Here we describe a patient with an atypical respiratory presentation in which exome sequencing identified a novel homozygous TTC37 mutation and allowed the diagnosis of THE-S to be made.

Methods

Case description

The index patient was a male of Somalian descent, born to consanguineous parents (first cousins once-removed, i.e. fourth degree relatives) living in South Africa (see Fig. 1 for pedigree). He was born at 35 weeks gestation, weighing 1940 g (3rd percentile) and remained in hospital initially for three weeks for neonatal jaundice and poor weight gain. The parents noted subtle patchy hyperpigmentation after he completed phototherapy for jaundice. His hair was shaved per their custom and was reportedly not unusual. On discharge he had received all routine vaccinations including live BCG and oral Polio drops.
Fig. 1

Multigeneration pedigree of the Trichohepatoenteric syndrome family

At age three months the patient presented with an acute history of respiratory distress. In addition, he had failed to thrive and his mass was 2600 g (<<3rd centile for corrected age). There was clinical evidence of a pneumonia and the liver edge was palpable 2 cm below the costal margin. Patchy, poorly circumscribed areas of hyperpigmentation were present on the trunk and limbs (Fig. 2a). There was an exfoliating rash particularly on the hands and feet with erythema of the palms and soles suggestive of erythroderma (Fig. 2b). The forehead was prominent (Fig. 2c), giving a triangular appearance to the face, but no hypertelorism or other dysmorphic features were noted.
Fig. 2

Clinical features of the proband. a Hyperpigmentation of the trunk. b Exfoliating rash present at the feet of the proband. c Prominent forehead with triangular appearance of the face. d Chest X-ray showing extensive bilateral bronchopneumonia

An echocardiogram was performed and found to be normal, while chest x-ray showed an extensive bilateral interstitial pneumonitis with alveolar changes (Fig. 2d). The C-reactive protein (CRP) increased over 3 days from 9 to 43 mg/L (ref: 0–10). Tracheal aspirate was positive for cytomegalovirus (CMV) but not other respiratory viruses, and CMV viraemia was documented with a viral load of log 5.97. Blood, sputum and stool culture showed no evidence of bacterial infection. The full blood count was normal, with normal number of lymphocytes. On subset analysis, the natural killer (NK) cell count was 81/microliter (ref: 300–700) and the NK cell percentage was 3% (ref: 8–17) (Table 1). There was also a low serum IgG levels of <1.41 g/L (ref 3.00-10.00) but normal IgA and IgM. Liver functions showed very elevated gamma-glutamyl transferase (942 IU/L, ref: 2–30); somewhat elevated conjugated bilirubin (10 micromol/L, ref: 0–6), alanine transaminase (39 IU/L, ref: 4–35) and aspartate transaminase (75 IU/L, ref: 0–65); low albumin (23 g/L, ref: 28–46), and normal alkaline phosphatase (180 IU/L, ref: 75–316). The plasma amino acid profile was normal, as were urinary organic acids. Skin biopsy histology of a hyperpigmented macule showed abundant melanin but no specific features for pathological processes such as graft versus host disease.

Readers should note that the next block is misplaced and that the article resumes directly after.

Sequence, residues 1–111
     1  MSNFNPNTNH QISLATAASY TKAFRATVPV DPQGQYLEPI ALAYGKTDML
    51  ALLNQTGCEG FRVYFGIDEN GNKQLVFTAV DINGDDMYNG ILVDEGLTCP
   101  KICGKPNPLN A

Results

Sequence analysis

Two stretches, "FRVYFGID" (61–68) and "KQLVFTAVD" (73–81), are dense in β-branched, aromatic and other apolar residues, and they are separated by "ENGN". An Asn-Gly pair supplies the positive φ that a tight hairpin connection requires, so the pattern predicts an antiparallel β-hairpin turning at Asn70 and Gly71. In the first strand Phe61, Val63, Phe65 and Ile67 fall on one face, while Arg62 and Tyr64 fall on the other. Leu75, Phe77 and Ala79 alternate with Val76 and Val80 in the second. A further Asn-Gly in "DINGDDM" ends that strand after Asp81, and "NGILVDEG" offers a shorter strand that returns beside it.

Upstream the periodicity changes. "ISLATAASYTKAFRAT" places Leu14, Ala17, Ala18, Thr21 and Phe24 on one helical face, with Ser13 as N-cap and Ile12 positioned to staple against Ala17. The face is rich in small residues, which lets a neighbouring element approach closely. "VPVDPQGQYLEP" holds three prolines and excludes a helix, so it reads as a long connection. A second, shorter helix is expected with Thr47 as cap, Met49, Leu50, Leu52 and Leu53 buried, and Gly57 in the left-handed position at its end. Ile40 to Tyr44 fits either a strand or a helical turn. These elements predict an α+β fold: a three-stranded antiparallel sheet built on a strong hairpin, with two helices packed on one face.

Table 1

Phenotypic comparison of both siblings to literature

Clinical feature (HPO id)

Index case

Affected brother

Findings in 25 previously reported cases [1, 3, 4, 6, 15]

Consanguinity

Y

Y

13/22 (59%)

IUGR (HP:0001511)

Y

Y

23/25 (92%)

Preterm <37 wk (HP:0001622)

Y

N

12/25 (48%)

Dysmorphism

 Prominent forehead (HP:0011220)

Y

Y

20/20 (100%)

 Hypertelorism (HP:0000316)

N

N

20/20 (100%)

 Hypo/pigmented skin rash +/− erythroderma

Y

Y

6/20 (30%)

 Unusual hair (Includes trichorrhexis nodosa, HP:0009886)

Unknown (shaved)

Y (‘sticking out’)

20/20 (100%)

 Congenital heart defect (Abnormal heart morphology, HP:0001627)

N

N

5/20 (25%)

 Musculoskelelal abnormality (Camptodactyly HP:0005617)

N

Y (camptodactyly)

1/12 (8%; Perthes disease)

 Urinary tract abnormality (Hypospadias, HP:0000047)

N

Y (hypospadias)

3/20 (15%)

Gastrointestinal

 Chronic diarrhea (HP:0002028)

N

Y

24/25 (96%)

 Failure to thrive (HP:0001508)

Y

Y (needed TPN)

25/25 (100%)

 Villous atrophy on biopsy of small intestine (HP:0011473)

-

Y (patchy)

21/21 (100%)

 Liver dysfunction or fibrosis

N

N

9/17 (53%, all with liver fibrosis)

Outcome

 Neurodevelopmental delay (HP:0012758)

?

Y

10/16 (63%)

 Death

Y

Y

12/25 (48%)

 If deceased, age at death

3 months

5 months

2-96 months

Immunological investigations {reference range}

 Lymphocyte count

2.53 {2.0–17.0 × 109/l}

4.17 {2.0–17.0 × 109/l}

Where reported was normal

 % B-cells (CD19)

24% {19–31%}

20% {19–31%}

 

 % T-cells (CD3)

73% {58–67%}

72% {58–67%}

Weak T-cell proliferative response in some cases to antigens, not mitogens

 % T-helper cells (CD4)

55% {38–50%}

39% {38–50%}

 

 % T-supressor cells (CD8)

16% {18–25%}

33% {18–25%}

 

 % Natural killer cells (CD16, 56) (Abnormality of NK cells HP:0012176)

3% {8–17%}

8% {8–17%}

 

 IgG level (IgG deficiency HP: 0004315)

<1.41 g/l {3.0–10.0 g/l}

1.96 g/l {3.0–10.0 g/l}

11/20 (55%) had ‘low immunoglobulins’. Other often had deficient vaccine response. Hence THE-S now in antibody deficiency group of the 2015 IUIS Primary Immunodeficiency classification

 IgA level (IgA deficiency HP:0002720)

0.44 g/l {0.1–0.7 g/l}

<0.25 g/l {0.1–0.7 g/l}

 IgM level

0.92 g/l {0.2–1.10 g/l}

1.19 g/l {0.2–1.10 g/l}

HPO id human phenotype ontology identification number, Y Yes, N No, TPN total parenteral nutrition, NK natural killer, IUGR intrauterine growth restriction, IUIS International Union of Immunological Societies